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"Bee killer" pesticide still allowed in Canada

Ottawa decided yesterday not to ban imidacloprid, which is a neonicotinoid pesticide, and is to limit its use to certain crops. Many environmentalists object to it's continued use and refer to it as the "bee killer". In 2013, the European Commission severely restricted the use of plant protection products and treated seeds containing three of these neonicotinoids (clothianidin, imidacloprid and thiamethoxam) to protect honeybees. Imidacloprid is a neonicotinoid systemic insecticide which may be an important cause of bee decline and bee colony collapse disorder (CCD).

Health Canada released the final re-evaluation decision on the risk to human health and the environment from the neonicotinoid pesticide imidacloprid. This decision marks the conclusion of years of data collection, scientific assessments, and consultations.

Health Canada's assessment indicated that, with additional risk mitigation measures, many uses of imidacloprid products meet current standards for protection of human health and the environment. However, certain uses of imidacloprid are cancelled to address potential risks of concern to the environment.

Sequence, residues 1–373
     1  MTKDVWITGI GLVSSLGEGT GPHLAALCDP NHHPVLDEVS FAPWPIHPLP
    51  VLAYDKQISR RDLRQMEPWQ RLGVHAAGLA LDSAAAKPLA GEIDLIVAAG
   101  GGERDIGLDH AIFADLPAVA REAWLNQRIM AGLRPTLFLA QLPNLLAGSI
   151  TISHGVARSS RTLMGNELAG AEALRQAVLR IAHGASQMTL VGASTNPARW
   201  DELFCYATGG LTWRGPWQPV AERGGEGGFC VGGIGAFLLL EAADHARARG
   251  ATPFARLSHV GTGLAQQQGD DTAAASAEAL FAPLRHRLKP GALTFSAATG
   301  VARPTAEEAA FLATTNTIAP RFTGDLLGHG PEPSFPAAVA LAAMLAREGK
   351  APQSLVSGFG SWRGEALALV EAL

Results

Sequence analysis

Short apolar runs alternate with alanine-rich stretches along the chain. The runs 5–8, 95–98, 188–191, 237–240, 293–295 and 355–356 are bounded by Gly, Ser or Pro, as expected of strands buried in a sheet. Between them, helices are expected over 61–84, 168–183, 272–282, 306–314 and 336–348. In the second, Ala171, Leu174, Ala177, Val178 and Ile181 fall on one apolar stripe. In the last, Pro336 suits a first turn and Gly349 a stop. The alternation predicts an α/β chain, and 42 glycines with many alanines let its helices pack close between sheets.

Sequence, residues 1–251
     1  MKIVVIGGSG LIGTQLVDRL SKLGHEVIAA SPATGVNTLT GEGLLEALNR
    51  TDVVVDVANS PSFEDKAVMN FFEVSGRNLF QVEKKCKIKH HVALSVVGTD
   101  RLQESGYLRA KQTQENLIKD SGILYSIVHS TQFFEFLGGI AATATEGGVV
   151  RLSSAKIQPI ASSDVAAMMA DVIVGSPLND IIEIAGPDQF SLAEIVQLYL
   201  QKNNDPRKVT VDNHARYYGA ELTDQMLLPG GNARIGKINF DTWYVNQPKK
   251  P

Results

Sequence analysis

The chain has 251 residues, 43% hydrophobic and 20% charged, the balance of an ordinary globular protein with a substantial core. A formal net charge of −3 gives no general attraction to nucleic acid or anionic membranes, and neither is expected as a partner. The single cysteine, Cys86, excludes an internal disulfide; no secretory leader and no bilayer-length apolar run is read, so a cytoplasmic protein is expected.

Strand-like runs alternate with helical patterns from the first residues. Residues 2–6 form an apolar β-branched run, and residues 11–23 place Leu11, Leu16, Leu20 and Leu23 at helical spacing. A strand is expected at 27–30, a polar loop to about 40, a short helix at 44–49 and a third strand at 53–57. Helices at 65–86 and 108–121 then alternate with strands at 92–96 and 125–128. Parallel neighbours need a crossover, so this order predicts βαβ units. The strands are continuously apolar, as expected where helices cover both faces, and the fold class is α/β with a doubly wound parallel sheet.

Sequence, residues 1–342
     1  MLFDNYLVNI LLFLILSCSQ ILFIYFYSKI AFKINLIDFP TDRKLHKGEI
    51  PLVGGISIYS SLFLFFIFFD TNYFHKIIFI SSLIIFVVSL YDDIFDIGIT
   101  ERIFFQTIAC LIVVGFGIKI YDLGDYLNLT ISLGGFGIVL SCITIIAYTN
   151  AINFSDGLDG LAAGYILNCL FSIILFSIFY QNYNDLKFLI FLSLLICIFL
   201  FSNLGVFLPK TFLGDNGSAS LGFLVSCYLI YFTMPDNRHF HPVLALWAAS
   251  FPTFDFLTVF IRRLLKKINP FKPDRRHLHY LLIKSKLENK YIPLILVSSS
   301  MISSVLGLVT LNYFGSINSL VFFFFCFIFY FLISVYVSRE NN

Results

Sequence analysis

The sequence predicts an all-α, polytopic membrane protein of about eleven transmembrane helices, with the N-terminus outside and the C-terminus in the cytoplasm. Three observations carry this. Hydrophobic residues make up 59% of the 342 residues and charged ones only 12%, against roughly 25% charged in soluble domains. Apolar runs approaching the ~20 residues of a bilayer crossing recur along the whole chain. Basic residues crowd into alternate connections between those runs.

The revised conditions of use must be implemented on all product labels no later than 24 months from today, with the exception of one use with no suitable alternative which will continue for an additional 24 months. New measures for the use of imidacloprid include labeling of guidelines including reduced rates and numbers of applications.

Quick Facts: Neonicotinoids are a class of pesticide used to control insects on a variety of agricultural crops, including as a seed treatment, and on turf and ornamental plants. Specifically, imidacloprid is applied using ground, aerial and seed treatment equipment, tree injection applicators, bait stations, and spot-on applications to pets. For more information on Pesticides and Pest Management, see the Gov website @


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